In the dynamic landscape of Ubuntu, innovation is the driving force that propels it forward. With the release of Ubuntu 22.10, a seismic shift has occurred in how we interact with one of the most fundamental services: SSH. Meet socket-based activation, a game-changer in how we handle remote connections.
This paradigm shift introduces a more resource-efficient approach to launching SSH services, promising a more judicious allocation of system resources. In this blog post, we embark on a journey through this transformative feature, exploring the intricacies of socket-based activation for SSH in Ubuntu 22.10 and beyond.
Socket-based activation is a method used to manage services on a Linux system, including SSH. Traditionally, services like SSH were started directly by systemd. However, with Socket-based activation, the service won't start until there is an incoming request. This approach introduces a few key benefits :
Resource Efficiency: System resources like memory and CPU are used judiciously as the SSH service is started only when a connection is requested.
Faster Bootups: As SSH is only initiated when a connection is requested, it eases the burden on systemd when starting services during bootup.
Traditional SSH involves starting the SSH service (ssh.service ) directly during system boot by systemd even when there is no incoming connection request. In contrast, Socket-based SSH (ssh.socket ) waits till a connection request is made and then it invokes the SSH service.
Inspecting the "ssh.service" unit in Traditional and Socket-Based SSH using systemctl gives us more information about the resource utilization :
As it can be seen in Traditional SSH, the ssh.service unit is "enabled" on startup and the memory usage is 14.6 megabytes.
On the other hand, in Socket-Based SSH, the ssh.service unit is "disabled" on startup and it is triggered by "ssh.socket" upon new connection request. The memory usage here is just 2.3 megabytes which is way less than Traditional SSH.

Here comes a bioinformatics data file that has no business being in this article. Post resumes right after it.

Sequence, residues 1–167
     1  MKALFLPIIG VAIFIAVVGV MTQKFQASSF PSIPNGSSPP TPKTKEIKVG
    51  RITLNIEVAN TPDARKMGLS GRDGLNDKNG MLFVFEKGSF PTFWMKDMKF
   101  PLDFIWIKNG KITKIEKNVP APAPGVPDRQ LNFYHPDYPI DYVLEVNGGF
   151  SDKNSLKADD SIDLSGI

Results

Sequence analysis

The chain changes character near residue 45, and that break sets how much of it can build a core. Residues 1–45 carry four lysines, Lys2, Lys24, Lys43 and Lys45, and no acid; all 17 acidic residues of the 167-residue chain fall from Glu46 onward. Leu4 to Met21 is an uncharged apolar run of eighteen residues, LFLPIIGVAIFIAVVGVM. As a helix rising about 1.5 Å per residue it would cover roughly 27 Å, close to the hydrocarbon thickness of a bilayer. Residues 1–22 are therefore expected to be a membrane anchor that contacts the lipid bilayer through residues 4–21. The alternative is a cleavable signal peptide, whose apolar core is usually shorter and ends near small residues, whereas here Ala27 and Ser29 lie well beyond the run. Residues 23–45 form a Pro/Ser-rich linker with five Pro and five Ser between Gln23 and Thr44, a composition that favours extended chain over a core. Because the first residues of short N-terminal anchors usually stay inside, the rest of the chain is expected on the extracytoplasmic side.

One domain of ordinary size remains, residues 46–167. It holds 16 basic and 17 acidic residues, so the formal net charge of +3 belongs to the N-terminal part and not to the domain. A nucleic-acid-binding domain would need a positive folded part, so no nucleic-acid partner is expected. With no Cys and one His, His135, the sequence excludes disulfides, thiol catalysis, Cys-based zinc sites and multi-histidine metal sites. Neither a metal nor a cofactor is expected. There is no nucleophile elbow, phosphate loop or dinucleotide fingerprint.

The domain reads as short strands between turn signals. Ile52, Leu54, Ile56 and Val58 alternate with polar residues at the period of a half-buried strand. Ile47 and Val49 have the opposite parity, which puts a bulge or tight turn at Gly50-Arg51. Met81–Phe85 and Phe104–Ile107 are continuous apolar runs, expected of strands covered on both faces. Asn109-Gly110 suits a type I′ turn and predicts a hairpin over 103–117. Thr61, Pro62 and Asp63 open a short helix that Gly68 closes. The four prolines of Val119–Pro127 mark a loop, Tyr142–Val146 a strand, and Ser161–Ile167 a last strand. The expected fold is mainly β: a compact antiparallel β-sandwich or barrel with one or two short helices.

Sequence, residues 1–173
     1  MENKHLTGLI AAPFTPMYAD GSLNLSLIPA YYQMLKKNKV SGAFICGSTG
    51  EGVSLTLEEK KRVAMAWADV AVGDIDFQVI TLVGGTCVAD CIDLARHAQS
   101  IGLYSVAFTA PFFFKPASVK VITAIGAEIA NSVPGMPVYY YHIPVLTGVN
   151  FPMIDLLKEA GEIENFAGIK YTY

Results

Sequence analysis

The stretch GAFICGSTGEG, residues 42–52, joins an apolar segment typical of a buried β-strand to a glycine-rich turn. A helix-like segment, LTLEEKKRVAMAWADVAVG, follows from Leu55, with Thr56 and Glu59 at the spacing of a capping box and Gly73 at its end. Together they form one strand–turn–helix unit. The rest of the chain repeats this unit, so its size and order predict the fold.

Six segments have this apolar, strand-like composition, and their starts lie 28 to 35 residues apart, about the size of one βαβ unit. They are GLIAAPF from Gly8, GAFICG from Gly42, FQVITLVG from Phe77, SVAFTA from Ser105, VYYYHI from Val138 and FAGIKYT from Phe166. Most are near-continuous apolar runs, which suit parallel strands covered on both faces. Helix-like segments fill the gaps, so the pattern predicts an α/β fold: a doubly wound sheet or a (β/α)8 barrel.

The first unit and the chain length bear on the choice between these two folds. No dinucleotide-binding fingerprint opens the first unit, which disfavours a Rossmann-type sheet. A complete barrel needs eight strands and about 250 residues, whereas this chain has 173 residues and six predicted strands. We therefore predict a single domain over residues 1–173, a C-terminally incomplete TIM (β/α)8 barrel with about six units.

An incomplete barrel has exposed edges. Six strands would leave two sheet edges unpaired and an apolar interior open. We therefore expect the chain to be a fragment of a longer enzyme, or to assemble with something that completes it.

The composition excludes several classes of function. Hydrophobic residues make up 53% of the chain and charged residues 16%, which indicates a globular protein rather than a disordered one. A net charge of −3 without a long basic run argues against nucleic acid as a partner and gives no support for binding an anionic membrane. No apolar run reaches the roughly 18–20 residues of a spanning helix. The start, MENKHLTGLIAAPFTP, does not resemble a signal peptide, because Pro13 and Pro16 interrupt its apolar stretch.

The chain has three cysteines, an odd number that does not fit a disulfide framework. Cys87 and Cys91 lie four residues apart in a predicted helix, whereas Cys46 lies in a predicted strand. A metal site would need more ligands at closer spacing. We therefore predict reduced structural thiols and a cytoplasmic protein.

Starting with Ubuntu 22.10 (Kinetic Kudu), this change in SSH activation method continues in subsequent versions 23.04 (Lunar Lobster) and 23.10 (Mantic Minotaur) which is the latest version at the time of writing this article.
The transition to socket-based activation for SSH in Ubuntu 22.10 and above has brought about a mixed response from the user community. While many users appreciate the potential benefits in terms of efficiency and resource management, some have encountered challenges, particularly related to custom port usage and the desire to revert to the traditional SSH setup.
One notable concern revolves around the use of custom ports for SSH connections. With socket-based activation, users have found that configuring SSH to listen on a non-standard port can be more intricate than with the conventional setup. This has led to frustration for those who rely on custom ports for security reasons or due to network configurations.
Additionally, there's a segment of the user base that, for various reasons, prefers or requires the familiarity and predictability of the traditional SSH setup. These users have expressed a desire to revert back to the previous method of managing SSH services.
In summary, Ubuntu's move to socket-based SSH activation offers enhanced efficiency. User feedback, particularly on custom port configurations, is vital for refinement. With continued improvements, this feature is set to be a valuable asset.